Of course, being wireless, you can sit a long way from the TV and not have to worry about cable length which adds to the convenience.

In terms of comfort, I tried the headset both on my head (large) and my wife’s (dinky). Obviously, I had to move and extend the headset earpieces but they retained a comfortable shape no matter the size of the head and head shape.


Plugging the base station directly into my reference Denon B-475 CD player and spinning Mel Torme’s We’ve Got World That Swings, the RS195s, on the  default neutral Mode, offered a relatively bass-lite performance with a decent upper midrange performance without exhibiting any great extension or clarity. There were no obvious demons in the presentation of this mode. Right after the song is an interview with Torme. The speech revealed a rather noisy response here. Changing the Mode to Speech Mode, smoothed the output, losing a lot of the noise and making the speech more attractive. Moving back to the music but emphasising the bass, the output provided a balanced presentation, allowing more lower frequencies to enter into the song and bringing the double bass into the frame for the first time.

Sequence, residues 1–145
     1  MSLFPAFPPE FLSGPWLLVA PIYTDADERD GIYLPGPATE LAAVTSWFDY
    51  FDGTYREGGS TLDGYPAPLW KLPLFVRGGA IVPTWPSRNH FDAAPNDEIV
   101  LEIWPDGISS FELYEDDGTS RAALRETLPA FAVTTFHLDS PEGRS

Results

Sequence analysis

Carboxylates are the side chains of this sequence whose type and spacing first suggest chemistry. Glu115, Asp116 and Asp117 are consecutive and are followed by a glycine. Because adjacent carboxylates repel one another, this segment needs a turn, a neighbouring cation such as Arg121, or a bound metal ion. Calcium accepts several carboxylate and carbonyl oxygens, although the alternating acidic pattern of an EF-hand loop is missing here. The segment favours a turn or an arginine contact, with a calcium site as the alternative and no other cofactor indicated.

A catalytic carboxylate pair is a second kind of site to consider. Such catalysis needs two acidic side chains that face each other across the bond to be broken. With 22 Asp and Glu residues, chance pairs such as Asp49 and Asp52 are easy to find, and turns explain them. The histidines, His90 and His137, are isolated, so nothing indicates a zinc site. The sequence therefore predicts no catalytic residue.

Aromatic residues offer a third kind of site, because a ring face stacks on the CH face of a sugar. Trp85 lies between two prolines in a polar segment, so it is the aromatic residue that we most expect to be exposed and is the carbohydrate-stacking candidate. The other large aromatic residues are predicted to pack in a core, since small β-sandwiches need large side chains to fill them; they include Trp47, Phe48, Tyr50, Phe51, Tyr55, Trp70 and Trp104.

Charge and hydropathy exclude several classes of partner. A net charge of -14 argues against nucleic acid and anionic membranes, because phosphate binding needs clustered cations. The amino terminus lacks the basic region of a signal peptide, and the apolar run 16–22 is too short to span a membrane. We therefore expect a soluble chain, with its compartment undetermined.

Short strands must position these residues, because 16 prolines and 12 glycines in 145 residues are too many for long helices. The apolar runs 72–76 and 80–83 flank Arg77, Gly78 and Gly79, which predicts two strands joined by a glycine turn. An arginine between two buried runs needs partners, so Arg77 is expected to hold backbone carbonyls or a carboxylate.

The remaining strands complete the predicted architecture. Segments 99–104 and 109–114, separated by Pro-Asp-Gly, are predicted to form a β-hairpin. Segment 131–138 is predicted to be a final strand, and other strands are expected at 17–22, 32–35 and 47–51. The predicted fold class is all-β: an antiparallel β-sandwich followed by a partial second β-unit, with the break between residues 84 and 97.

I then turned to the the analogue option and plugged that into my MacBook laptop, playing a slice of blues from Harry ‘Big Daddy’ Hypolite, a blues shouter toting an acoustic guitar and played at 24bit/96kHz. Playing the track in standard mode gave the output a thin, anaemic presentation. No bass but a pleasantly detailed midrange. Although the headphones couldn’t really cope with the dynamic performance. Turning to the bass mode failed to provide too much extension to the upper frequency areas of this high resolution file but what it did do was to open up the soundstage, adding space and air to the music, giving a better balance to the sound.